To consider that question, Palestinians everywhere would need to debate freshly and honestly what political goals and values now matter to them as a national society. One way to undertake that project might be to review the outdated PLO Charter. The Charter was secular-democratic in ethos, and based its understanding of ‘Palestinian’ on indigenous origins in the land, embracing all religious sects and ethnic groups including Jewish residents of Palestine as ‘Palestinians.’ Still, the Charter also sustained pre-1948 Palestinian discourse by affirming that Palestinian nationalism was based on an “Arab” identity, reflecting the pan-Arabism then still in vogue and the Arab character of Palestinian culture. Hence, although Palestinian nationalism was always pluralist regarding religion, its ethnic concepts were murky: how “Jewish” fit into “Arab” was never entirely clear (as it was not clear in Europe’s ethnic nations), and the Charter was not clear what might befall Jews who had come into Palestine through the Zionist immigration.
But today, Israel’s entire Jewish-Israeli population of some four million people has effectively become indigenous to Palestine, in that most Israeli Jews believe it to be their homeland and have no other. This ‘fact on the ground’ requires Palestinians to rethink the kind of nation their campaign can—and should—seek to create, and especially the old distinction between indigenous and immigrant Jews.
That challenge would seem to require a particularly high-minded vision of ethnic coexistence, such as in South Africa. It is a common myth today that the anti-apartheid movement always accepted the white and Afrikaner population of South Africa as national brethren. In fact, black nationalism had many adherents and formed a vigorous strand of the anti-apartheid struggle. But the ANC official position came to endorse the vision of a multi-racial nation, based on the understanding that no peaceful and promising future could be found except in a shared state. Explicit acceptance by Palestinians of the present Jewish-Israeli population as permanent presence in Palestine is similarly fundamental to any democratization campaign that insists on democratic equality for all the state’s citizens.
One way to build that consensus might be a collective project to write a new charter, possibly along the lines of the ‘Freedom Charter’ in South Africa. Written in 1955, the Freedom Charter’s opening passages should resonate for Palestinians today:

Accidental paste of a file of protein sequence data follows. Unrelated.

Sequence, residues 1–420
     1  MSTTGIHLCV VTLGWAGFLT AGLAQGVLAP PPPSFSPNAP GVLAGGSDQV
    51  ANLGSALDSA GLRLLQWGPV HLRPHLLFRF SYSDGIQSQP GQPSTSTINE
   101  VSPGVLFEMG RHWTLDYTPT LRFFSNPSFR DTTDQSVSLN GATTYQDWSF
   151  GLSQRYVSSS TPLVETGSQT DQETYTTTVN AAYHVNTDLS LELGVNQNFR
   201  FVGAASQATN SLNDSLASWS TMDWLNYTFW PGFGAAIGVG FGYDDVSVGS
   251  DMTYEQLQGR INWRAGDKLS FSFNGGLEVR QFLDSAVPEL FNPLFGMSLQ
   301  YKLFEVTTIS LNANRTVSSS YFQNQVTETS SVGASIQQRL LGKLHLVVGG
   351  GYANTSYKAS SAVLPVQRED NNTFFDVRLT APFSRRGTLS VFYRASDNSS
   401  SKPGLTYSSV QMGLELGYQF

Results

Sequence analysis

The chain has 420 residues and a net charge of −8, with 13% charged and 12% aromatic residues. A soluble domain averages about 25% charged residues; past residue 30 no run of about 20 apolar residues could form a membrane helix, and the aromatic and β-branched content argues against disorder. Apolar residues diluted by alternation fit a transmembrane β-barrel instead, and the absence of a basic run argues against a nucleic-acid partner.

‘We, the People of South Africa, declare for all our country and the world to know:
1. that South Africa belongs to all who live in it, black and white, and that no government can justly claim authority unless it is based on the will of all the people;
2. that our people have been robbed of their birthright to land, liberty and peace by a form of government founded on injustice and inequality;
3. that our country will never be prosperous or free until all our people live in brotherhood, enjoying equal rights and opportunities;
4. that only a democratic state, based on the will of all the people, can secure to all their birthright without distinction of colour, race, sex or belief;
5. And therefore, we, the people of South Africa, black and white together equals, countrymen and brothers adopt this Freedom Charter;
6. And we pledge ourselves to strive together, sparing neither strength nor courage, until the democratic changes here set out have been won.’
Composing such a charter would challenge the very heart of the conflict: Zionist fears, myths, bigotry, and complacency. In order to accept that full democracy offers the only peaceful future for the ‘Jewish national home,’ Israeli Jews must first recognize that their own national narrative has been based on a cluster of lies and nationalist myths and that the consequences of the Nakba are permanent and irreducible facts for Israeli life. But to revise their national narrative and ideology—a process highly fraught, divisive, and upsetting for any national population—they must also experience economic and moral pressure sufficient to leverage their willingness to do so. Some of this pressure can come from an international campaign to boycott, sanction, and divest from Israel. But the moral leadership must come from the Palestinians. To gain such moral authority, any population must clarify, first for themselves and then for the world, the vision of the future they themselves wish to embrace. What vision will the Palestinians redeem from the ruin of Oslo? At the least, they will need to find it soon, before the Bantustan strategy breaks up their political unity along with their territory.
Virginia Tilley is Associate Professor of Political Science at Hobart and William Smith Colleges.